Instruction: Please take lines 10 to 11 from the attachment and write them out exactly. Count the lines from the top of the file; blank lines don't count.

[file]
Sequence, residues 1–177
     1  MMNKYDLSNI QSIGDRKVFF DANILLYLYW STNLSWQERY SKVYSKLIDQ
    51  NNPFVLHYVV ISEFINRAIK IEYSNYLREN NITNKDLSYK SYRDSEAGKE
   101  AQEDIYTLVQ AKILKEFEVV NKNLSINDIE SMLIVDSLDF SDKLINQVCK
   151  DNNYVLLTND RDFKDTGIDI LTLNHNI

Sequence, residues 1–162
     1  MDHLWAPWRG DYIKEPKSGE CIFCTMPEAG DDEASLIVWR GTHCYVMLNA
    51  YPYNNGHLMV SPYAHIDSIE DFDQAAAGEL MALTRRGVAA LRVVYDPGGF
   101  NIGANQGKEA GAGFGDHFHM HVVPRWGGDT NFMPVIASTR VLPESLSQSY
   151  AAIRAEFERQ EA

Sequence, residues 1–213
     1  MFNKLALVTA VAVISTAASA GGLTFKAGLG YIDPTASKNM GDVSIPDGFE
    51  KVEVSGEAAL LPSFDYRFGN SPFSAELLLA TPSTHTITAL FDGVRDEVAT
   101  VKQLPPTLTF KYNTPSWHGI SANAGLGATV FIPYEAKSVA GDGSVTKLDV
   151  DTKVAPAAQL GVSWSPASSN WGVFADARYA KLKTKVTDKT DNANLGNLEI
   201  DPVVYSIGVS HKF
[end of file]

   151  AAIRAEFERQ EA

Sequence, residues 1–213